Selling Girls: ‘There is a problem here in Charlotte’

CHARLOTTE, N.C. — It’s the world’s fastest growing organized crime and it’s touching every corner of the Carolinas.  “I can tell you there is a problem here in Charlotte,” said FBI Supervisory special agent Jason Caplan.

The FBI, the Charlotte-Mecklenburg Police Department and the National Center for Missing and Exploited Children is teaming up for “Operation Cross Country”.  They conduct stings in Charlotte and throughout the area to try to put an end to human trafficking, one victim at a time.

In North Carolina 11 people are now behind bars and three sex trafficking victims, all minors, have been saved.  Across the country, 84 minors have been rescued.

“Majority are our children, our neighbors, kids at our school,” said Detective Ashley Horton, CMPD.

Many girls are “groomed” on social media.

“The phones and computers, as amazing as they

Read more at: http://www.wcnc.com/news/investigations/selling-girls/selling-girls-there-is-a-problem-here-in-charlotte/484310262

Elected leaders in SE DC says mayor may be part of crime problem

WASHINGTON, DC (WUSA9) – There are plenty of uniformed officers in Southeast, D.C. when there’s a shooting, but 8B ANC Commissioner Paul Trantham believes the police department needs to go back to what worked – plain clothes officers.

“Just because it was bad then, does that mean it’s going to be bad now,” questioned Trantham.  

In 2015, DC police disbanded it’s plain clothes Vice Squad known on the street as “jump-out squads” over concerns of racial profiling.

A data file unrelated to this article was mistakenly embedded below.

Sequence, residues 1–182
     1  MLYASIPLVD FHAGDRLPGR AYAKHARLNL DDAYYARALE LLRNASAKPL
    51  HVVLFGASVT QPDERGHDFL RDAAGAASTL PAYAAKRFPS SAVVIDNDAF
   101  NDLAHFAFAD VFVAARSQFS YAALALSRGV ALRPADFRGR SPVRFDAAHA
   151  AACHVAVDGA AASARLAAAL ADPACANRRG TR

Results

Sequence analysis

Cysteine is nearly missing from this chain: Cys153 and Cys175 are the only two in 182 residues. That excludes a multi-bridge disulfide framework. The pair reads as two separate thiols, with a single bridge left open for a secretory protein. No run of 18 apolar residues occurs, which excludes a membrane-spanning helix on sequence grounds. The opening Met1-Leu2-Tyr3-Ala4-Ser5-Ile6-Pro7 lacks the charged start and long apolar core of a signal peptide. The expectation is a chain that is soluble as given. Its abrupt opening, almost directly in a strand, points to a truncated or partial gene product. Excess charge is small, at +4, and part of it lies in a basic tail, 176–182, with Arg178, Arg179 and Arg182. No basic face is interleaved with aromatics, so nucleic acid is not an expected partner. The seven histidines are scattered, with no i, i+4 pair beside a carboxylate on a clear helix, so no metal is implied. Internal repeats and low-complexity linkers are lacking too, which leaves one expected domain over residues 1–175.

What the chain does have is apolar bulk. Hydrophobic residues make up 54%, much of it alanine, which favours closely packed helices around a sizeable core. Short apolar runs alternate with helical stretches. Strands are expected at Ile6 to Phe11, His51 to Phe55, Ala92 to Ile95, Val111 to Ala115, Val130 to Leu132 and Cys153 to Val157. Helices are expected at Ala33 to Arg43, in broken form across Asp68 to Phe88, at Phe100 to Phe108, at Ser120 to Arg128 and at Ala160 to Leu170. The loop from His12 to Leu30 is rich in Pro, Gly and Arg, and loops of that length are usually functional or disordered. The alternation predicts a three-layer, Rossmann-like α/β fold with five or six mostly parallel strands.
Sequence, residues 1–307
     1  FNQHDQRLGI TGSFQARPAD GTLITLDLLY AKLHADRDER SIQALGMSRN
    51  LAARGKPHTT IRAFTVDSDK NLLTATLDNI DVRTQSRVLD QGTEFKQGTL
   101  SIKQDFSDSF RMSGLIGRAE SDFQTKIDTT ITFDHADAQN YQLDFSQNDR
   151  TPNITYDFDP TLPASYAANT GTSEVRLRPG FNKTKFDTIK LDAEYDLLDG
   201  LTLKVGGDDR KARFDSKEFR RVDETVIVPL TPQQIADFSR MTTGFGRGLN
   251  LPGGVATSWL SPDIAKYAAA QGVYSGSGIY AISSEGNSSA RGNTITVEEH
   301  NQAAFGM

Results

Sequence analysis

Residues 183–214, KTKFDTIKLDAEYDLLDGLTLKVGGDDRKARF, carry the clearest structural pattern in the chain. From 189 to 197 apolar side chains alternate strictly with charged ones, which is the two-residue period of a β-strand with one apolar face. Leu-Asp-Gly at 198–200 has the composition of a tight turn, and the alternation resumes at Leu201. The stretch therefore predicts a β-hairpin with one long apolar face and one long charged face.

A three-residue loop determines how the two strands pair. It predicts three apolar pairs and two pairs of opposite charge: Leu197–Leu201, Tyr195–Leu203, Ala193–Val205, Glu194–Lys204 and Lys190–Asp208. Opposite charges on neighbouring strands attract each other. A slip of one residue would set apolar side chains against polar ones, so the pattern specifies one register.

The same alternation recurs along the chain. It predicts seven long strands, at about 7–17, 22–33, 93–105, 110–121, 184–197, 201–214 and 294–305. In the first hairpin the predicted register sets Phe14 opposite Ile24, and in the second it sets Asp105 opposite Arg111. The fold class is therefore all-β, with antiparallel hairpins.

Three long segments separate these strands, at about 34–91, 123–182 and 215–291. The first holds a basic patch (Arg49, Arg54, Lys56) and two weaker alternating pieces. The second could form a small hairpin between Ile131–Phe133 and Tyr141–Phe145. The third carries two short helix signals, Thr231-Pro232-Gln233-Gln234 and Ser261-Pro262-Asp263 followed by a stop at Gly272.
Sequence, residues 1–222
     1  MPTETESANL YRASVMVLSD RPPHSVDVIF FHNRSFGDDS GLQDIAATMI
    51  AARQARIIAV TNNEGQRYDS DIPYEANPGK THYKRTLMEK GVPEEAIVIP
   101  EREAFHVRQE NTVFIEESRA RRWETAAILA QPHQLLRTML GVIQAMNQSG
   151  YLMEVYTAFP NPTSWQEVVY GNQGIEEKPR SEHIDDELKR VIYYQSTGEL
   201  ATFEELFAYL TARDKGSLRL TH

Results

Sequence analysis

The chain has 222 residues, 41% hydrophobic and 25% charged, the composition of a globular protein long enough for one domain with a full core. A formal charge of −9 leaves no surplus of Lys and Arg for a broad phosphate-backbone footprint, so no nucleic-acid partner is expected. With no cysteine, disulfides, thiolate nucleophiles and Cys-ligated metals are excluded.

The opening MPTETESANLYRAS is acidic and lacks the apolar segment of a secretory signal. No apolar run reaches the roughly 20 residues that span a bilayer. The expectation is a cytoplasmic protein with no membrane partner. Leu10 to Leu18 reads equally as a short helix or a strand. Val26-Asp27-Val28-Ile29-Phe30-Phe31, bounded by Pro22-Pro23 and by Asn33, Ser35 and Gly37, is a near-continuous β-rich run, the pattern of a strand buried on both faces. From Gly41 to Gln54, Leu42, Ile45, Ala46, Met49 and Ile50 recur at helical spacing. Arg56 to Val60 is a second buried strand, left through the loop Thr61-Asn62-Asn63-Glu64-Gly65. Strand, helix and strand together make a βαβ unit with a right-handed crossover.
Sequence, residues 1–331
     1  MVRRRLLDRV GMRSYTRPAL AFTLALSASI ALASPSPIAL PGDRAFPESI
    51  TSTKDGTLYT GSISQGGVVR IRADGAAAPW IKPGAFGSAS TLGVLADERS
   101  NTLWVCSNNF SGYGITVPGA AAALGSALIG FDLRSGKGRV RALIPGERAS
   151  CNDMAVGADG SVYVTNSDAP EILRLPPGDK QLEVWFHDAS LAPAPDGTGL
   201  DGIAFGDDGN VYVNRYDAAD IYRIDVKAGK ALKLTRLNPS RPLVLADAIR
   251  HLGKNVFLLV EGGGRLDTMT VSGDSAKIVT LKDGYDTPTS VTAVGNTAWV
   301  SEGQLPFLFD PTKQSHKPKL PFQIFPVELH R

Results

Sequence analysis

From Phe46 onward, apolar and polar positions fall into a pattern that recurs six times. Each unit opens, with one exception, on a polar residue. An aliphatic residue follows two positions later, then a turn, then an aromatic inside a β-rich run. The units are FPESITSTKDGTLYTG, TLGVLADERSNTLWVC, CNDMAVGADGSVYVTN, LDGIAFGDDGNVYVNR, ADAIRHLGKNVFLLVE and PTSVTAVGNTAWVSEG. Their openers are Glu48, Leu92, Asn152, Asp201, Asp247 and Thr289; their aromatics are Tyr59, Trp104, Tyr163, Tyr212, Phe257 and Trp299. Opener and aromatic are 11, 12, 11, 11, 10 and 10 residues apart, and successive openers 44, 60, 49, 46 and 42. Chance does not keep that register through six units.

Trantham says people don’t respect the uniform and suggests to re-train the officers and return the plain clothes unit to the streets to combat the sex trafficking, drugs, and gun violence he said is rampant in parts of Wards 7 and 8.  

RELATED: Crime is up in DC neighborhood, residents want help

“People say the Mayor has the Police

Read more at: http://www.wusa9.com/news/local/dc/elected-leaders-in-se-dc-says-mayor-may-be-part-of-crime-problem/464701829

The Problem with Dramatic Finger-Pointing Courtroom Moments

This article was published in partnership with the Marshall Project.

It’s one of the oldest courtroom gambits in America: A prosecutor in a criminal trial asks a key witness if he sees the person who committed the crime anywhere in the room. Pause. The witness turns and points to the defendant, as the jurors take it all in.

But this enduring practice, dating back to colonial courthouses, has come under fire in the past few years as an often unreliable tool that has no place in a 21st-century trial.

Citing a vast body of research on the fallibility of eyewitness testimony in general, questions are now being raised specifically about in-court identification. Some experts say the tactic is unduly suggestive, ineffectively tests a witness’s memory, and provides more theatrical flourish than probative evidence. They also say that the process leaves room for error.

Massachusetts and Connecticut